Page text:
q-logger skimmer keeps Magecart attacks going

q-logger skimmer keeps Magecart attacks going

This blog post was authored by Jérôme Segura

Although global e-commerce is continuing to grow rapidly, it seems as though Magecart attacks via digital skimmers have not followed the same trend. This is certainly true if we only look at recent newsworthy attacks; indeed when a victim is a large business or popular brand we typically are more likely to remember it.

From a research standpoint, we have observed certain shifts in the scope of attacks. For instance, the different threat actors are continuing to expand and diversify their methods and infrastructure. In a blog post about Magecart Group 8, we documented some of the various web properties used to serve skimmers and exfiltrate stolen data.

But at the end of the day, we only know about attacks that we can see, that is until we discover more. Case in point, one particular skimmer identified as q-logger, has been active for several months. But it wasn’t until we started digging further that we realized how much bigger it was.

Q-logger origins

This skimmer was originally flagged by Eric Brandel as q-logger. Depending on how much you enjoy parsing JavaScript you may have a love/hate relationship with it. The code is dense and using an obfuscator that is as generic as can be, making identification using signatures challenging.

This skimmer can be found loaded directly into compromised e-commerce sites. However, in the majority of cases we found it loaded externally.

The loader

The loader is also an encoded piece of JavaScript that is somewhat obscure. It is injected inline within the DOM right before the text/x-magento-init tag or separated by copious amounts of white space.

One way to understand what the code does is by using a debugger and setting a breakpoint at a particular spot. It is best to either use an already compromised site or bypass the check for the address bar (onestepcheckout).

We can now see the purpose of this script: it is to load the proper skimmer.

The skimmer

As mentioned previously, the skimmer is quite opaque and makes debugging effort difficult and lengthy.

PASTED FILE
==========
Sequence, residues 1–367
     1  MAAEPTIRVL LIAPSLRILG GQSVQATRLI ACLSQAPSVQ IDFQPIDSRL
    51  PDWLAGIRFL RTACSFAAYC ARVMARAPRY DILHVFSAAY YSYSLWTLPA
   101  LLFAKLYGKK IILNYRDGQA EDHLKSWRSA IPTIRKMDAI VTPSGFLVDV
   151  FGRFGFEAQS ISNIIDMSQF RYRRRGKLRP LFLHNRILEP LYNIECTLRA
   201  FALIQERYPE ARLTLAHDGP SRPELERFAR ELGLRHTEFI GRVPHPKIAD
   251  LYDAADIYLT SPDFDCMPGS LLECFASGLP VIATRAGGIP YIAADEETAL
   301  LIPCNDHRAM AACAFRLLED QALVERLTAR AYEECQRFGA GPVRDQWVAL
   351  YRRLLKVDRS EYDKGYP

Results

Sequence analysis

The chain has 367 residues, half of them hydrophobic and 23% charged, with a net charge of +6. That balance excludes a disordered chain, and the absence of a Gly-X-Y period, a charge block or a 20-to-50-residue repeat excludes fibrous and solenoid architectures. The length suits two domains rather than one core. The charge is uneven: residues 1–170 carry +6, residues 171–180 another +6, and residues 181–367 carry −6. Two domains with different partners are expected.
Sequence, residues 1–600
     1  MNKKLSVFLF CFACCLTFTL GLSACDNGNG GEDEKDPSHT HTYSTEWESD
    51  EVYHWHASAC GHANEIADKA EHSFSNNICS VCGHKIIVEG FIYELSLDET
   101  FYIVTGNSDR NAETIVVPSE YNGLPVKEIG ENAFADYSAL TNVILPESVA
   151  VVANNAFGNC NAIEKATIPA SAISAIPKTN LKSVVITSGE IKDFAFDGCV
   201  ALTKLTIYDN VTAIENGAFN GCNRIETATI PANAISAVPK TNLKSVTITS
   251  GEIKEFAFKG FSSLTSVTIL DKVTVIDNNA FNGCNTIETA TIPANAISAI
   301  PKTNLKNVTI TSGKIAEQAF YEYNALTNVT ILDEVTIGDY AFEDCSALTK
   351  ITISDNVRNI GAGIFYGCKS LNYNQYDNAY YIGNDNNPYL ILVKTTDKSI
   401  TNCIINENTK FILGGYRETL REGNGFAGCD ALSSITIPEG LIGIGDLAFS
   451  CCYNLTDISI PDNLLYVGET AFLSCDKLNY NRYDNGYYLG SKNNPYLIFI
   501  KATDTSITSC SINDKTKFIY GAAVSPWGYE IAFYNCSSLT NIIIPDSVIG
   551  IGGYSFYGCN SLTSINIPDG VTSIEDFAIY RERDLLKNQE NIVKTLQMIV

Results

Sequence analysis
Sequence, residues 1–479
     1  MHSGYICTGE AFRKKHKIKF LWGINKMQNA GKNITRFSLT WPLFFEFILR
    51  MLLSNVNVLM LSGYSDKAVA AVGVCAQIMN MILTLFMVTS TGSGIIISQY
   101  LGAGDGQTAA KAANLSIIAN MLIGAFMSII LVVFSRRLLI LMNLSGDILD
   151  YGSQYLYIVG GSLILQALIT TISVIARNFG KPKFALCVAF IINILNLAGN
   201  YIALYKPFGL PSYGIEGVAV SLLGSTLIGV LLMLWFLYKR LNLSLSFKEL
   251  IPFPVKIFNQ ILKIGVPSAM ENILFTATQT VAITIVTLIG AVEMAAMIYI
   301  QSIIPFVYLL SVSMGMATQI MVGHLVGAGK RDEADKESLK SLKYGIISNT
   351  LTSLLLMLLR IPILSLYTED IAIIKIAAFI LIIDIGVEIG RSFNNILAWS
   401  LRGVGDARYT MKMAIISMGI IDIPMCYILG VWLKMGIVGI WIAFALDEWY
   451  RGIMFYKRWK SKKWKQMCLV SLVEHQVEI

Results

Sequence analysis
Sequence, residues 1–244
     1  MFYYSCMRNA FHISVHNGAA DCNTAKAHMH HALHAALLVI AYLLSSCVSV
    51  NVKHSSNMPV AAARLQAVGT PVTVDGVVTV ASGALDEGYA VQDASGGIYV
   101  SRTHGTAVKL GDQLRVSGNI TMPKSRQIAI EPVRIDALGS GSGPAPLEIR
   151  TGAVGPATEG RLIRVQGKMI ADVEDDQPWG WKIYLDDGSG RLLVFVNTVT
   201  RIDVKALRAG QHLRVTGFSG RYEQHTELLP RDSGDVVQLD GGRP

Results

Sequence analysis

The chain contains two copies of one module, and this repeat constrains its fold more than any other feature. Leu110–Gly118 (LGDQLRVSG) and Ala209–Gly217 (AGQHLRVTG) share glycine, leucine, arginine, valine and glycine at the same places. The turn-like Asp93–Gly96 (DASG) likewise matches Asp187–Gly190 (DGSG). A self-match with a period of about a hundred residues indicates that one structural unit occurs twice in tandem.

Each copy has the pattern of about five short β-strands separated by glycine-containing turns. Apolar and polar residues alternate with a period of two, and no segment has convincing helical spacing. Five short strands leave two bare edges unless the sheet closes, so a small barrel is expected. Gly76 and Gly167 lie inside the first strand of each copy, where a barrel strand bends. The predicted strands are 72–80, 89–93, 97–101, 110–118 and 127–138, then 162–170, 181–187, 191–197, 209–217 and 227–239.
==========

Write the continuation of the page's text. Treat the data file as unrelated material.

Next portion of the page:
To cut to the chase, the skimmer exfiltrates data via a POST request to the same domain name where the JavaScript is loaded from.

Threat actor and victims

We were able to collect a few indicators from the threat actor behind this campaign. One was the use of netmail.tk, also observed by Luke Leal, for registering skimmer domains.

Although there are clusters of domains from the same registrant, we see that they are trying to compartmentalize their infrastructure and hide the hosting provider’s true IP address. They also register domains en masse, which allows them to defeat traditional blocklists.

We don’t have a good estimate of how prevalent this campaign is, but we certainly run into it regularly while monitoring e-commerce sites for malicious code. The victims are various small businesses with an online shop running Magento.


The large number of e-commerce sites that are running outdated versions of their CMS is a low hanging fruit for threat actors interested in stealing credit card data. In a sense, there is always a baseline of potential victims that can be harvested.

And every now and again, some opportunities appear. They could be as simple as a zero-day in a plugin or CMS, or maybe an entry point into more valuable targets via a supply-chain attack.

Threat actors are always ready to pounce on those and may well have established their infrastructure ahead of time, waiting for such opportunities.

Malwarebytes customers are protected against this skimmer.

Indicators of Compromise

Email addresses (registrant)

  • wxugvvvu@netmail[.]tk
  • isgskpys@netmail[.]tk
  • zulhqmnr@netmail[.]tk
  • yzzljjkmc@emlhub[.]com
  • foyiy11183@macosnine[.]com

Skimmer domains

Skimmer URLs

YARA rules